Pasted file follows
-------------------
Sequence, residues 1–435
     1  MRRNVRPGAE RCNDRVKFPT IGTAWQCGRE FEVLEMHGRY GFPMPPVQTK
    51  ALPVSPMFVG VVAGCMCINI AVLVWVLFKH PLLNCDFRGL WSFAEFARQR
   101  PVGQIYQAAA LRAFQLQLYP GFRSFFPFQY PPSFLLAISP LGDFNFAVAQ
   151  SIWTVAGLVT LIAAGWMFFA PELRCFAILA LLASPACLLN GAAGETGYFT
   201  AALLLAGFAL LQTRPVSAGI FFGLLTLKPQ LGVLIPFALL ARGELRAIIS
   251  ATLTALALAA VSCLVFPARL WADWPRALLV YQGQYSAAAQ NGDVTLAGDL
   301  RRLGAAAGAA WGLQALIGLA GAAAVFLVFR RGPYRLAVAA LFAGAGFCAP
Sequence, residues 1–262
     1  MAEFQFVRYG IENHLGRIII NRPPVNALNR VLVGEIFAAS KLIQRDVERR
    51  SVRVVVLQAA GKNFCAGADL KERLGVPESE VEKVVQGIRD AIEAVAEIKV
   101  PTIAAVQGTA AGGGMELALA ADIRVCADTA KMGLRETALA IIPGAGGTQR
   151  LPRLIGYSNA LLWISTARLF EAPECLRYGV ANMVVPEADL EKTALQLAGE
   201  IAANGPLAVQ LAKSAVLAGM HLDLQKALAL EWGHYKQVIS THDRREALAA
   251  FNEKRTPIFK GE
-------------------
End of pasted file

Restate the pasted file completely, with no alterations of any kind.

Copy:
Sequence, residues 1–435
     1  MRRNVRPGAE RCNDRVKFPT IGTAWQCGRE FEVLEMHGRY GFPMPPVQTK
    51  ALPVSPMFVG VVAGCMCINI AVLVWVLFKH PLLNCDFRGL WSFAEFARQR
   101  PVGQIYQAAA LRAFQLQLYP GFRSFFPFQY PPSFLLAISP LGDFNFAVAQ
   151  SIWTVAGLVT LIAAGWMFFA PELRCFAILA LLASPACLLN GAAGETGYFT
   201  AALLLAGFAL LQTRPVSAGI FFGLLTLKPQ LGVLIPFALL ARGELRAIIS
   251  ATLTALALAA VSCLVFPARL WADWPRALLV YQGQYSAAAQ NGDVTLAGDL
   301  RRLGAAAGAA WGLQALIGLA GAAAVFLVFR RGPYRLAVAA LFAGAGFCAP
Sequence, residues 1–262
     1  MAEFQFVRYG IENHLGRIII NRPPVNALNR VLVGEIFAAS KLIQRDVERR
    51  SVRVVVLQAA GKNFCAGADL KERLGVPESE VEKVVQGIRD AIEAVAEIKV
   101  PTIAAVQGTA AGGGMELALA ADIRVCADTA KMGLRETALA IIPGAGGTQR
   151  LPRLIGYSNA LLWISTARLF EAPECLRYGV ANMVVPEADL EKTALQLAGE
   201  IAANGPLAVQ LAKSAVLAGM HLDLQKALAL EWGHYKQVIS THDRREALAA
   251  FNEKRTPIFK GE